In the months since March, stockmarkets have recorded
remarkable increases by any historical standard. But these gains do not
necessarily foreshadow strong growth in real economic activity. The markets
remain deeply divided and uncertain. There are clear risks of setbacks both in
the real economy and in the financial markets.
But there are signs that the crisis is ending. Housing markets are improving.
Banking sectors are no longer facing imminent threats of collapse. Activity is
stabilising. Massive fiscal and monetary stimulus injected in the past year has
averted a precipitous collapse. But recovery is not assured. There are serious
dangers of a double dip.
As unemployment climbs to new highs, heavily indebted US and European consumers
cannot drive global recovery, but China and other emerging economies can help.
We have seen marked moves in this direction: the G20, not the G7, is now the
main global economic forum. But radical changes will not occur immediately.
China still refuses to revalue its currency significantly and will only
permit a slow restructuring of its economy towards consumer spending. Europe,
Japan and above all the US remain critical in the near-term and the risk of
relapse among them is high. Large trade deficits in the US and large surpluses
in Germany and Japan are major imbalances that have contributed to the crisis.
Sharp falls in the US dollar and sterling are part of the correction, but could
trigger new upheavals. If tensions between the main global players remain
unresolved, we risk unleashing a new crisis. In the face of huge budget
deficits and unprecedented money creation, governments and central banks are
uncomfortable. But the urge to adopt early exit strategies is dangerous. If we
tighten policy too early, we will cause a new recession.
Cutting public spending and raising taxes to bring public finances under
control will lower economic growth and reduce living standards. And longer-term
risks of inflation are very real.
Recession forces rate cuts, but inflation will return
Fears of financial collapse and concerns over deepening recession have forced
governments and central banks to concentrate on alleviating threats to jobs and
output, at the risk of higher future inflation.
As well as undertaking colossal banking sector bailouts, policymakers executed
major U-turns in their monetary policies. Central banks have been forced to
abandon the careful balancing of risks which usually guides their actions. The
most dramatic step so far was a co-ordinated 50 basis point cut in official
interest rates involving six major central banks including the Federal Reserve,
the European Central Bank and the Bank of England. Significantly, and unusually,
China cut its official rate at the same time.
Though it has not formally been part of the coordinated action, the
involvement of the Chinese underlines the seriousness of the global risks.
With recessionary pressures worsening, we expect additional interest rate
cuts, as well as more injections of public funds into various banking systems.
The Fed, having cut its key rate to 1.50%, is likely to move to at least 1.25%
in the next couple of months. The ECB defiantly and unwisely raised rates in
July to 4.25%.
Inflation is still high, well above official targets in most western economies.
The recent inflationary upsurge, driven by food and energy, is at its peak and
inflation will slow sharply in 2009. But government deficits will inevitably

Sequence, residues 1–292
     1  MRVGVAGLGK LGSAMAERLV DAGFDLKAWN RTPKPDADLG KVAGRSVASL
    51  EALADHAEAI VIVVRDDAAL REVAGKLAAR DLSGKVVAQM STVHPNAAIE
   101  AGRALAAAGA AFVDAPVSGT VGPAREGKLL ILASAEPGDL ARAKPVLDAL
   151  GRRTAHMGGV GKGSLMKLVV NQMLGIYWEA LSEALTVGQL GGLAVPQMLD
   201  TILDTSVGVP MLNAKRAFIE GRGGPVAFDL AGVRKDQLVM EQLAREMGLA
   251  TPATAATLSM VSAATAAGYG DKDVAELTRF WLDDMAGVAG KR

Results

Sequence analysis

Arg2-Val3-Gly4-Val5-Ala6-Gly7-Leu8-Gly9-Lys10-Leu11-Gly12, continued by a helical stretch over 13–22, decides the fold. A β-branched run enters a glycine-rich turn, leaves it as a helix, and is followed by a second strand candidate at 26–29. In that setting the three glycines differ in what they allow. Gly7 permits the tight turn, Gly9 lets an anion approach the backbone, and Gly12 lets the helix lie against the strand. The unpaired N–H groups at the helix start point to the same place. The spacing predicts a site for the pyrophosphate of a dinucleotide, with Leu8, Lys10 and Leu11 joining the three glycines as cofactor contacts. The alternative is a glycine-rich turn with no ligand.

balloon due to massive bank bailouts and the impact of deepening recessions on
public finances. The resulting large monetary expansion must eventually reignite
To alleviate the recession we must accept these consequences. But inflation
is not dead; it will resurface with a vengeance in the future and we will have
to fight it again in less comfortable circumstances.
Deceptive calm masks forex market threat
The markets are less tense, but display unusual contradictions. Share prices
have risen to new peaks. In normal circumstances this would signal optimism, but
stockmarkets display unrealistic hopes that the real economy would be
sufficiently weak to force the central banks into aggressive interest cuts
though not so dreadful as to throttle company profits. The recent 50 basis point
cut in the Fed funds rate to 4.75% and expectations of further reductions
underpin the better mood.
Revised figures show August US jobs figures were better than initially feared.
The US consumer is particularly vulnerable as the housing market deteriorates
and tight credit conditions make it difficult for households to borrow. With US
companies relatively robust and net exports improving, recession is unlikely.
But consumer weakness is dragging the US economy into a second year of
below-trend growth. Unemployment is set to rise and the Fed will have to ease in
spite of inflation risks.
The European Central Bank and the Bank of England left rates unchanged in
October, but both are moving to an easier stance. Interest rate increases are
now off the agenda, but with 2008 growth forecasts revised down, I expect
moderate interest rate cuts between now and the end of March: from 4% to 3.50%
in the eurozone and from 5.75% to 5.25% in the UK. In the UK, the fear is that
the crisis would harm the financial sector. Political opposition to euro
strength, threats of protectionism, and speculation could unleash disruptive and
damaging movements in the US dollar.
David Kern of Kern Consulting is chief economist at the British Chambers
of Commerce. He was formerly NatWest Group chief economist.
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David’s May 2008 feature setting out the three worst-case scenarios for the
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